Grimm v. Rhoades

Annotate this Case

129 Ind. App. 1 (1958)

149 N.E.2d 847

GRIMM ET AL. v. RHOADES ET AL.

No. 18,920.

Court of Appeals of Indiana.

Filed May 7, 1958.

Rehearing denied June 13, 1958.

Transfer denied October 14, 1958.

*2 William E. Statham, D. Bailey Merrill, W. Jack Schroeder, and McCray, Merrill, Clark & Craig, all of Evansville, for appellants.

Milford M. Miller and William C. Welborn, both of Evansville, for appellees Rhoades and Rhoades.

Paul H. Schmidt, of Evansville, for appellee Nat H. Youngblood, Receiver.

PFAFF, J.

The appellee Nat H. Youngblood, Receiver, brought suit to foreclose a mechanic's lien on certain real estate in Vanderburgh County belonging to appellees Harold Rhoades and Addie Rhoades, husband and wife. The appellants, Earl J. Grimm and *3 Esther G. Tomey Cotton, partners doing business under the firm name of A.C. Grimm Planing Mill, were made parties defendant because they were allegedly claiming some interest in the Rhoades property. They answered by way of a cross-complaint in which they claim to be the holders of a mechanic's lien on the Rhoades property and asked that it be foreclosed with personal judgment over against Harold and Addie Rhoades. The Youngblood complaint and the Grimm cross-complaint disclose the following facts which are pertinent to the question involved in this appeal: On November 2, 1951, Nat H. Youngblood was receiver for Fred Puder Co., Inc., and since January 2 of that year had held a mechanic's lien on the Rhoades property. The appellants also had filed their notice of intention to hold a mechanic's lien on the Rhoades property on January 2, 1951. On said November 2, 1951, Nat H. Youngblood, Receiver, filed a complaint to foreclose the Puder lien and made the appellants parties defendant to answer to their interests. On November 15, 1951, the appellants appeared to the Youngblood suit but filed no pleadings therein until February 21, 1952, when they filed the cross-complaint above mentioned. It is interesting to note that when the appellants were summoned into court to answer to their interests, their lien was only ten months old but before they filed their cross-complaint to foreclose the same more than a year had elapsed since they had recorded notice thereof as required by law.

The pertinent statutes concerning mechanic's lien are as follows:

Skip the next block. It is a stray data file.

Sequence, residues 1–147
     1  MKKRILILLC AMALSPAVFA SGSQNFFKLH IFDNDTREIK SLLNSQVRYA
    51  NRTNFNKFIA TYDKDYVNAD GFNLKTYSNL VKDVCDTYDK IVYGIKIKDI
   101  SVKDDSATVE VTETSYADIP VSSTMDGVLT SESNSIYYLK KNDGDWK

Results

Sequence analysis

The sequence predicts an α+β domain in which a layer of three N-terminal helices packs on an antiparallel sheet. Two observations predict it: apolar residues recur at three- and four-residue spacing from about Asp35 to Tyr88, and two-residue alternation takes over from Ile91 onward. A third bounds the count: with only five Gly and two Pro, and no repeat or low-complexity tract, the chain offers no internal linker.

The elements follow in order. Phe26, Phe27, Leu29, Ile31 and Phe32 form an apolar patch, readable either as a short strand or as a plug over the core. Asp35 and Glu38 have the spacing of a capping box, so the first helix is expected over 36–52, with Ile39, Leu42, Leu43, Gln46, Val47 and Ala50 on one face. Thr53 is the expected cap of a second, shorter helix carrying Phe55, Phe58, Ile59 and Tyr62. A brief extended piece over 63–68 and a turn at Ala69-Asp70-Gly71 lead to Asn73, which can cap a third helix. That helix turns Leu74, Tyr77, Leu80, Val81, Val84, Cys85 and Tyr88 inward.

"2-618. Mechanic's lien, one year. No action shall be brought or maintained in the courts of this state to foreclose or enforce the lien of any mechanic's lien filed under the laws of this state when the debt secured by such lien, as shown by the record *4 thereof, has been due more than one (1) year. If the record of such lien does not show when the debt thereby secured became due, then no action to foreclose or enforce the lien of such mechanic's lien shall be brought or maintained in the courts of this state after one (1) year from the date of the filing of notice of such lien." .......... "2-619. Expiration of mechanic's liens. The lien of all mechanic's liens filed under the laws of this state shall cease and expire one (1) year from the time the debt secured thereby becomes due, as shown by the record of the notice of the lien. If the record of any notice of mechanic's lien does not show when the debt thereby secured becomes due, then the lien of any such mechanic's lien filed under the laws of this state shall ceased and expire one (1) year after the date of the filing of notice of such lien." "2-622. Action before expiration. In case an action shall be begun in the courts of this state to foreclose or enforce the lien of any mortgage or other lien mentioned in this act [§§ 2-618 2-622] before the expiration of the lien thereof, as herein provided, such lien may be enforced in such action as it existed at the time the action was commenced." .......... "43-705. How enforced. Any person having such lien may enforce the same by filing his complaint in the circuit or superior court of the county where the real estate or property on which the lien is so taken is situate, at any time within one (1) year from the time when said notice has been received for record by the recorder of the county; or, if a credit be given, from the expiration of the credit, and if said lien shall not be enforced within the time prescribed by this section, the same shall be null and void. If said lien be foreclosed as herein provided, the court rendering judgment shall order the sale to be made, and the officers making the sale shall sell the property, *5 without relief whatever from valuation or appraisement laws." .......... "43-706. Parties Consolidation of actions. In such actions, all persons whose liens are recorded as herein provided may be made parties, and issues may be made up and trials had as in other cases; and the court may, by judgment, direct a sale of the land and building for the satisfaction of the liens and costs, such sales [sale] to be without prejudice to the rights of any prior encumbrances, owner or other persons not parties to the action. If several such actions be brought by different claimants, and be pending at the same time, the court may order them to be consolidated."